Sinziana Dorobantu, Thomas Lindner and Jakob Müllner
April 24, 2020 Around the world, spending on large-scale infrastructure projects (airports and ports; power plants; pipelines and railroads) increased tenfold from $41.3 billion in 1994 to $415 billion in 2013, and has been growing since. These projects are often financed by multiple organizations that come together in multi-partner alliances, but we don’t know very much about how these alliances work. Why do the firms leading them pick the partners they do? In a recent paper entitled “Political Risk and Alliance Diversity: A Two-Stage Model of Partner Selection in Multipartner Alliances,” we tried to understand how context influences the number and diversity of organizations in the multi-partner alliances that fund these projects by looking at the effects of political risk on 1,044 multi-partner banking syndicates that financed large-scale infrastructure projects in 68 countries between 2003 and 2012.
In places where political stakeholders have the power to affect policy unilaterally, even very large projects are vulnerable to interference and obstruction. This is what happened in Mexico in 2018, when newly elected president Andrés Manuel López Obrador cancelled a $13.3 billion project for a new international airport in Mexico City, despite the fact that it was one-third complete. To respond to these kinds of challenges, firms working in politically risky environments need have a firm grasp of the situation on the ground—past experience working in the country, or knowledge about local stakeholders, judicial systems, or other political factors that are important for a project’s success. They also need to be able to exert political influence on the host country to keep things on track if the political situation around the project changes.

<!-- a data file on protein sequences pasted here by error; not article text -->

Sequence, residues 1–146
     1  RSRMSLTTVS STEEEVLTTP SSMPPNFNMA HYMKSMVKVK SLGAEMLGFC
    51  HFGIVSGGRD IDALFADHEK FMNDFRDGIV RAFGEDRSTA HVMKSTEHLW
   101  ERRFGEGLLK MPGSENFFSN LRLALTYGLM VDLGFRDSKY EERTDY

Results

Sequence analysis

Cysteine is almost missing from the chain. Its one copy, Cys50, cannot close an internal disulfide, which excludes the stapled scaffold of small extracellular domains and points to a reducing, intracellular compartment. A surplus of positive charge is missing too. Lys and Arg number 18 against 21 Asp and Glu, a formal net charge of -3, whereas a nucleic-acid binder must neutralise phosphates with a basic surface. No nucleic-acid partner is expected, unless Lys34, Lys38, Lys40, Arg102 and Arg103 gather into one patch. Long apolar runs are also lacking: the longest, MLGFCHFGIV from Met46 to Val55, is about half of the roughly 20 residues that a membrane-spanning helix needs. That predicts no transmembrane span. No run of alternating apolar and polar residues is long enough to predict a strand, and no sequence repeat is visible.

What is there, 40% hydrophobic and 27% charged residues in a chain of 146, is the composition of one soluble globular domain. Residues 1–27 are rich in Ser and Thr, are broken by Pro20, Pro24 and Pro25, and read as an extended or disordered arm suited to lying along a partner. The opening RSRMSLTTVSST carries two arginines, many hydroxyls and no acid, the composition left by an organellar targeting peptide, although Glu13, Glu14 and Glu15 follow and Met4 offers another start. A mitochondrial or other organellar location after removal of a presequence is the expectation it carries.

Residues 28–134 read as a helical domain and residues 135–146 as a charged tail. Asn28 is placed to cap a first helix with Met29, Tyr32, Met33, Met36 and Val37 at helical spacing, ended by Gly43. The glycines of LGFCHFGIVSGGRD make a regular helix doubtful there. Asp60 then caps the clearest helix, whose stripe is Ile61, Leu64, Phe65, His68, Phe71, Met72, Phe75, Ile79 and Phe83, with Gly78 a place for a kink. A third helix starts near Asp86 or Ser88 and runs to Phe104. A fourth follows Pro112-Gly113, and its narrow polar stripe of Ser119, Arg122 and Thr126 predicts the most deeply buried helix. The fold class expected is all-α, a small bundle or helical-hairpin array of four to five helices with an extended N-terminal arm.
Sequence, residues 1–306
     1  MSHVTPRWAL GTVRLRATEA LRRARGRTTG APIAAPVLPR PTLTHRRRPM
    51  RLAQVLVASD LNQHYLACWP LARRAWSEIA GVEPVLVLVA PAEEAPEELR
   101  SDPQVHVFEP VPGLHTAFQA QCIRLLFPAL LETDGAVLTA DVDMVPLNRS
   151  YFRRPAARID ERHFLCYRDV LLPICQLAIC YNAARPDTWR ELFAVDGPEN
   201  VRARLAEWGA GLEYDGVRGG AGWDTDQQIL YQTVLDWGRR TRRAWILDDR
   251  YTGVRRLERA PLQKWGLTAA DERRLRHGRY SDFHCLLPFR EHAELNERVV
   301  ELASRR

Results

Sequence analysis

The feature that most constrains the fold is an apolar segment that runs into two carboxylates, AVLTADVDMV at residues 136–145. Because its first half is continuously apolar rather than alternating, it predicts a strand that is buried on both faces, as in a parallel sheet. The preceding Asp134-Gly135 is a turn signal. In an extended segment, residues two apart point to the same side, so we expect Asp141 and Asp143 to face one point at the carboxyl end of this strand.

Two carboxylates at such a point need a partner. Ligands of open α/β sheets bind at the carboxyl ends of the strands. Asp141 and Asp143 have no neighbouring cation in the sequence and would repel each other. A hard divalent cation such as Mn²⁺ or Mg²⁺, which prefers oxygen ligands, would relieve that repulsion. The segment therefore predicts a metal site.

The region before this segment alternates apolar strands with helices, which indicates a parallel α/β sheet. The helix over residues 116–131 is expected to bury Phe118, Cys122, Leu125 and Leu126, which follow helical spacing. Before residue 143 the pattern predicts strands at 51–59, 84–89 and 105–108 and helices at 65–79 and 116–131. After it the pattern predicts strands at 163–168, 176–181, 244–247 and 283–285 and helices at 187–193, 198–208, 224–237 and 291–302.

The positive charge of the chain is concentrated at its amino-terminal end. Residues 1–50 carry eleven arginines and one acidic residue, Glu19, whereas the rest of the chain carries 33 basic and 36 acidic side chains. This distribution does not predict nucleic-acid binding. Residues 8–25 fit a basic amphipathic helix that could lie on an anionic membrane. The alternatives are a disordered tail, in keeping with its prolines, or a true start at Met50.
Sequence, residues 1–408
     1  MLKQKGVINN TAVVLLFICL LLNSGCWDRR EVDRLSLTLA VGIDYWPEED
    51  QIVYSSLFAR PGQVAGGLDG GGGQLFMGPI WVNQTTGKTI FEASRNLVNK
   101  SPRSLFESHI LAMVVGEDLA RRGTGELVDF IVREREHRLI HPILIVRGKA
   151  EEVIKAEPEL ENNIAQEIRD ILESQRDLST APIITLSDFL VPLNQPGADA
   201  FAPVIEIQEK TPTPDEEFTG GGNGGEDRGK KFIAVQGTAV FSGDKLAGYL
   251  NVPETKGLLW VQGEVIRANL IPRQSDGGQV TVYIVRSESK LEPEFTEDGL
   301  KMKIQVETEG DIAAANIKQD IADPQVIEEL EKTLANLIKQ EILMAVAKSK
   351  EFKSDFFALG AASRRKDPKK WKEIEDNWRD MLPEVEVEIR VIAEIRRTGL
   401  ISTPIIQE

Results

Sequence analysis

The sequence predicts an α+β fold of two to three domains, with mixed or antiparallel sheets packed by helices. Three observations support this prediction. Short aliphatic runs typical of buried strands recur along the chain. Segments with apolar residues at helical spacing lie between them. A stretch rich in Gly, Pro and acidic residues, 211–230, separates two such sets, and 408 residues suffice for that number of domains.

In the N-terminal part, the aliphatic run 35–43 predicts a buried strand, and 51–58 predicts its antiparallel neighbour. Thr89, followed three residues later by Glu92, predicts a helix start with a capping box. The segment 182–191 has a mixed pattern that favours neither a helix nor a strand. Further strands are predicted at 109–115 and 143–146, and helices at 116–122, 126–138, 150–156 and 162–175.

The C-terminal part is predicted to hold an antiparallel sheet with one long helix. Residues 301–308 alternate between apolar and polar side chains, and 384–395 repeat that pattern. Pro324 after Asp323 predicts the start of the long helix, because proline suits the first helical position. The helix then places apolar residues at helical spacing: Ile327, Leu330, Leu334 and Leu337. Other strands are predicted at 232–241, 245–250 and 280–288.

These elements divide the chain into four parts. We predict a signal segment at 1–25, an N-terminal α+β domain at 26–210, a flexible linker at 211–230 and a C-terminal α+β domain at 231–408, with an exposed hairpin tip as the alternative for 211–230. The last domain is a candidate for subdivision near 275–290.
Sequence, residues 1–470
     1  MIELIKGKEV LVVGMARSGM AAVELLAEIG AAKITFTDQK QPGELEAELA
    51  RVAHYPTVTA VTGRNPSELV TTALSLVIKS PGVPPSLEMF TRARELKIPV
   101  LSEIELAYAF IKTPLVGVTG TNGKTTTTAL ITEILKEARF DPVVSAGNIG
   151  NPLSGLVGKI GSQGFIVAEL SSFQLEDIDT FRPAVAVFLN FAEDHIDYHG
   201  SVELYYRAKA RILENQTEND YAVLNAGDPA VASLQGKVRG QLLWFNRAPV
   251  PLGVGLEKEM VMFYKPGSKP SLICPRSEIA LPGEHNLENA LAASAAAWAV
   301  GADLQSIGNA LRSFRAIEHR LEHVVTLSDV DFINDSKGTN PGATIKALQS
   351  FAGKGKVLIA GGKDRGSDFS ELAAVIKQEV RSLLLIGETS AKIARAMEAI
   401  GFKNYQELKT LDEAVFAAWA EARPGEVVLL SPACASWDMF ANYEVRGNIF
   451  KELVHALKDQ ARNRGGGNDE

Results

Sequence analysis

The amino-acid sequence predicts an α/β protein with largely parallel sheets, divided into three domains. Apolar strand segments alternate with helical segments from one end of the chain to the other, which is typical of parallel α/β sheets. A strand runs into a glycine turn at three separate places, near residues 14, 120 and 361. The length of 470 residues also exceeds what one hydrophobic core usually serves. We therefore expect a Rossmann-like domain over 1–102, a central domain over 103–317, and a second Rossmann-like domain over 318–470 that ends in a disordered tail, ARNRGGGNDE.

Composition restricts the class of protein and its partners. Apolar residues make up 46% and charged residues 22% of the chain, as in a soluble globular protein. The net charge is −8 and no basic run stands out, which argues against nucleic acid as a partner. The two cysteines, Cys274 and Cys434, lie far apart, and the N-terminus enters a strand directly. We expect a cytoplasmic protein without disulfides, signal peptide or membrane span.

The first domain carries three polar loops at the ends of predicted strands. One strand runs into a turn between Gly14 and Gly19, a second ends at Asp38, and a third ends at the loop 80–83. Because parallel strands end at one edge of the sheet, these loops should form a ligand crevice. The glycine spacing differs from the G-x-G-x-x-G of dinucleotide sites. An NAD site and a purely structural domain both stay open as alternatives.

We found that when selecting a firm to lead an alliance, the preference is for firms that have both knowledge of the project’s host country and political influence over it. But satisfying the need for context-specific knowledge and influence becomes a more complicated decision when the lead firm selects its partners. In a strong alliance, all the members need to work well together, so partner firms are selected as a group rather than as individuals. Partners that are more similar have an easier time communicating and coordinating, and these alliances are less costly to run. But when alliances are operating in politically risky countries, lead firms choose more diverse partners, constructing alliances that are costlier to maintain but that provide more breadth of knowledge and influence to draw on if problems arise.
The need for funding to finance infrastructure projects is growing – it is projected to be $90 trillion globally for the period from 2015 to 2030. Knowing more about the alliances that provide this funding helps us understand how firms adapt their strategies to provide financing in a wide range of host-country contexts.
The paper is available online and forthcoming at the Academy of Management Journal.